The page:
Successfully reported this slideshow.
We use your LinkedIn profile and activity data to personalize ads and to show you more relevant ads. You can change your ad preferences anytime.

Uber mobility - High Performance Networking

2,264 views

Published on

Speakers: Ganesh Srinivasan & Minh Pham (Uber), Jim Roskind (Neumob), Makarand Dharmapurikar & Eric Anderson (Google), and Karthik Ramgopal (LinkedIn)
Networking is one of the most important, yet often underserved aspects of any mobile application. The latency and bandwidth of mobile networks can vary greatly between cities and even within cities, ranging from broadband LTE speeds to performance that feels more like a 300 baud modem.

You can read more about Uber Mobility here : https://www.uber.com/p/uber-mobility/

Published in: Mobile
  • Just got my check for $500, Sometimes people don't believe me when I tell them about how much you can make taking paid surveys online... So I took a video of myself actually getting paid $500 for paid surveys to finally set the record straight. I'm not going to leave this video up for long, so check it out now before I take it down! ➤➤ http://ishbv.com/surveys6/pdf
       Reply 
    Are you sure you want to  Yes  No
    Your message goes here
  • Discover a WEIRD trick I use to make over $3500 per month taking paid surveys online. read more... ■■■ https://tinyurl.com/make2793amonth
       Reply 
    Are you sure you want to  Yes  No
    Your message goes here

Uber mobility - High Performance Networking

  1. 1. Uber Networking: Challenges and Opportunities Ganesh Srinivasan & Minh Pham
  2. 2. Where do users need Uber the most? Rider Application Partner Application On The Road and On The Go
  3. 3. Last-Mile Latency Latency latency everywhere Control Plane Latency User Plane Latency Core Network Latency Internet Routing Latency
  4. 4. Last-Mile Latency (cont.) Control and User-Plane Latency 3G 4G Control Plane 200 - 2500 ms 50 - 100 ms User Plane 50 ms 5 - 10 ms
  5. 5. Last-Mile Latency (cont.) Core Network Latency LTE HSPA+ HSPA EDGE GPRS 40 - 50 ms 100 - 200 ms 150 - 400 ms 600 - 750 ms 600 - 750 ms Data from AT&T for deployed 2G - 4G networks
  6. 6. Handovers Handovers are seamless, or not? Handovers between cell towers Handovers between different networks On AT&T network, it takes 6.5s to switch from LTE to HSPA+.
  7. 7. Dead Zones Where’s your coverage? Loss of connectivity is not the exception but the rule. More chances for network to become unavailable or transient failure to happen.
  8. 8. Real-time Interactions What makes Uber run? There are a lot of real-time interactions between a rider and a driver. Most of these interactions have to be real-time to matter.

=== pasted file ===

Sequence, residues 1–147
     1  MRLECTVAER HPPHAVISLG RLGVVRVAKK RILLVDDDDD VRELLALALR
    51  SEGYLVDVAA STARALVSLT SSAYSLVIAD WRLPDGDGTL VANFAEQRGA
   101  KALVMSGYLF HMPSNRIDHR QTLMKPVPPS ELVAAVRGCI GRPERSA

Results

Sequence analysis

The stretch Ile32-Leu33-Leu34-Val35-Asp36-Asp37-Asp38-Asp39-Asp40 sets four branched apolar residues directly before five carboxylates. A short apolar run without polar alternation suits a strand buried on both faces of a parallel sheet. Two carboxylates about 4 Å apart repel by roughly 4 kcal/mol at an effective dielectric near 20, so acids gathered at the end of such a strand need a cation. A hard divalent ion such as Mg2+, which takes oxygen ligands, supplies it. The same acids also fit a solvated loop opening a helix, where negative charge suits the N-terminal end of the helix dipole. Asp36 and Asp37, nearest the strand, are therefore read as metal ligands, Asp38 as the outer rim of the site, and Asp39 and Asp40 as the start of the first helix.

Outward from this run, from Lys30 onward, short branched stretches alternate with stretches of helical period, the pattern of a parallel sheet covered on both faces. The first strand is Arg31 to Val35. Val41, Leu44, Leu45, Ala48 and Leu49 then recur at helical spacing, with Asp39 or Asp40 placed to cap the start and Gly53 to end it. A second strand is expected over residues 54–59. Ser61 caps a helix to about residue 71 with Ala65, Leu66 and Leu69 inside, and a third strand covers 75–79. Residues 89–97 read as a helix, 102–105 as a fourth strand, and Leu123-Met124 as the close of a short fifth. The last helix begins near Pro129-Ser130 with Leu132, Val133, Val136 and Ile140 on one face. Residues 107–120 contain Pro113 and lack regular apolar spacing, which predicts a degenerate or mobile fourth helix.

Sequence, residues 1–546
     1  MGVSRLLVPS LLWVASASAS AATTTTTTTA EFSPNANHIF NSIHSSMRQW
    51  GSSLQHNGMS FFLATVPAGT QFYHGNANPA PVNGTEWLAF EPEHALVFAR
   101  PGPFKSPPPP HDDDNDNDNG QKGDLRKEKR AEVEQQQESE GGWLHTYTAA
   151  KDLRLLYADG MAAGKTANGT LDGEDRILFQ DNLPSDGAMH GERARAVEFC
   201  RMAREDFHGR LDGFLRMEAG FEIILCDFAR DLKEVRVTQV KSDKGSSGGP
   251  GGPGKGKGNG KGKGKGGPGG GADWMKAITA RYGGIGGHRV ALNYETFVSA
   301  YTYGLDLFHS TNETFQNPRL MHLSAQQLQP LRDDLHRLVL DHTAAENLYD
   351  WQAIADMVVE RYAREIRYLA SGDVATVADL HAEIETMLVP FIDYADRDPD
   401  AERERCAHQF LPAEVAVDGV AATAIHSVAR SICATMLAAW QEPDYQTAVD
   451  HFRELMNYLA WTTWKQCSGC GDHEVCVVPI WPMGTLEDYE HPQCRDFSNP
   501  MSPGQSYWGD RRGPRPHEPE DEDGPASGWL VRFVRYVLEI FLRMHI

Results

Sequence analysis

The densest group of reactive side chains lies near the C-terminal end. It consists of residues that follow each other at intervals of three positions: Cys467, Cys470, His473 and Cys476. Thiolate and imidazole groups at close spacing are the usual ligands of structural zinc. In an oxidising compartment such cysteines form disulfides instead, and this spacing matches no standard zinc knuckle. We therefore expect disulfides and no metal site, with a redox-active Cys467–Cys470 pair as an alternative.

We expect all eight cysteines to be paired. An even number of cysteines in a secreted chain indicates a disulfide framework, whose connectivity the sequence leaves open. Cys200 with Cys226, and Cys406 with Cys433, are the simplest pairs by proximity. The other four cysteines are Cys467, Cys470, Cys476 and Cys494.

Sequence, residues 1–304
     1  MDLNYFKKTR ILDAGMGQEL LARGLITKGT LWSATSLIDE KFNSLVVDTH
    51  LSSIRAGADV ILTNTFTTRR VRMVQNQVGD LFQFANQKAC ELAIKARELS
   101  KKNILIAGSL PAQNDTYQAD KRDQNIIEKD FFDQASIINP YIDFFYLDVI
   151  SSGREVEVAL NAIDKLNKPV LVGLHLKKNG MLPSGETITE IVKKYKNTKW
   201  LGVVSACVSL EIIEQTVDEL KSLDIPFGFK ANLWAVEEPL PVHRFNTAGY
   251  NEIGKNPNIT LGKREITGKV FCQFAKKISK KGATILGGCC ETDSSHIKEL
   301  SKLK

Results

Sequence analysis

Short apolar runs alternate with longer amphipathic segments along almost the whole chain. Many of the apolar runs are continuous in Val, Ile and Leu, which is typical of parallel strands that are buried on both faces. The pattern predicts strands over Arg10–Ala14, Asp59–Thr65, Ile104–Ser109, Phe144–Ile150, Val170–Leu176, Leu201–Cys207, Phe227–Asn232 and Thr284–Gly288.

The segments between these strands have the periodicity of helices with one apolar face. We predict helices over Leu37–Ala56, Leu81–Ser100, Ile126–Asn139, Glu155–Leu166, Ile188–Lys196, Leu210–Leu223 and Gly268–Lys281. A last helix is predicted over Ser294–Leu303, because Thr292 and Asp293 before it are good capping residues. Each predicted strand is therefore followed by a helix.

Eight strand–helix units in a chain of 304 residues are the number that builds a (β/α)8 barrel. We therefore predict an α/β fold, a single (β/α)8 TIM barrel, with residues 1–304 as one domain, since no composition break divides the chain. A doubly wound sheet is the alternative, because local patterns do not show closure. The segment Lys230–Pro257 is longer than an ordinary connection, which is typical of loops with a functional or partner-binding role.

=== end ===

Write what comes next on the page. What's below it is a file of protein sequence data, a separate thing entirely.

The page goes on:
9. 9. Celestial Global network heatmap Location Time Carrier Device Signal Strength Latency
  10. 10. Dynamic Network Client Adapt to any network conditions Rule based system ● City, Carrier, Device ● Fine location, Time Configure different parameters ● Timeout ● Retry ● Protocol ● Number of connections
  11. 11. uTimeout Context is king Suggest timeout based on context: location, carrier, time, etc. Examples ● Dispatch Timeout ● Push TTL
  12. 12. Suggested Pickup Points No more dead zones Guiding riders and drivers to avoid dead zones. Integrated with suggested pickup points to create a smoother overall user experience.
  13. 13. Prediction and Planning Future-time is the new real-time Advance Route planning ● Connectivity ● Handovers ● Dead zone
  14. 14. Thank you Proprietary and confidential © 2016 Uber Technologies, Inc. All rights reserved. No part of this document may be reproduced or utilized in any form or by any means, electronic or mechanical, including photocopying, recording, or by any information storage or retrieval systems, without permission in writing from Uber. This document is intended only for the use of the individual or entity to whom it is addressed and contains information that is privileged, confidential or otherwise exempt from disclosure under applicable law. All recipients of this document are notified that the information contained herein includes proprietary and confidential information of Uber, and recipient may not make use of, disseminate, or in any way disclose this document or any of the enclosed information to any person other than employees of addressee to the extent necessary for consultations with authorized personnel of Uber. Ganesh Srinivasan & Minh Pham Mobile Platform, Uber
  15. 15. (Later day) Evolution of High Performance Networking in Chromium: Speculation + SPDY→ QUIC Jim Roskind jar @ chromium.org Opinions expressed are mine. Presented to Amazon on 5/12/2016
  16. 16. Use of High Performance Client-side Instrumentation in Chromium (without explaining how Histograms work in Chrome) Opinions expressed are still mine
  17. 17. Who is Jim Roskind ● 7+ years of Chromium development work at Google ○ Making Chromium faster… often in/around networking ○ Driving and/or implementing instrumentation design/development ● Many years at Netscape, working in/around Navigator ○ e.g., Java Security Architect, later VP/Chief Scientist ○ Helped to “free the source” of Mozilla ● InfoSeek co-founder ○ Implemented Python’s Profiler (used for 20 years!!!) ● Sleight of hand card magician
  18. 18. Overview 1. Example of Client Side Instrumentation: Histograms 2. Review of SPDY pros/cons and QUIC 3. Instrumentation of Experiments leading to QUIC Protocol Design a. Include forward-looking QUIC elements (not yet in QUIC!)